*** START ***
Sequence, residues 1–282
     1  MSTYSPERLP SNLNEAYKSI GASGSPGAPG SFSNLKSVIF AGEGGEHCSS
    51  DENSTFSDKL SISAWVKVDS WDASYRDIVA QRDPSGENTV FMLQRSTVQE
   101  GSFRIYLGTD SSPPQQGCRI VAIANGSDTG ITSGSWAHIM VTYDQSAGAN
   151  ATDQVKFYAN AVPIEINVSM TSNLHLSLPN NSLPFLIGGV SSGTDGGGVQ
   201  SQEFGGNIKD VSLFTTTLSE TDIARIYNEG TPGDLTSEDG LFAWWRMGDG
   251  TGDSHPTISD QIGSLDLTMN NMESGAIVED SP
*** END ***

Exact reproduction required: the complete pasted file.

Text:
Sequence, residues 1–282
     1  MSTYSPERLP SNLNEAYKSI GASGSPGAPG SFSNLKSVIF AGEGGEHCSS
    51  DENSTFSDKL SISAWVKVDS WDASYRDIVA QRDPSGENTV FMLQRSTVQE
   101  GSFRIYLGTD SSPPQQGCRI VAIANGSDTG ITSGSWAHIM VTYDQSAGAN
   151  ATDQVKFYAN AVPIEINVSM TSNLHLSLPN NSLPFLIGGV SSGTDGGGVQ
   201  SQEFGGNIKD VSLFTTTLSE TDIARIYNEG TPGDLTSEDG LFAWWRMGDG
   251  TGDSHPTISD QIGSLDLTMN NMESGAIVED SP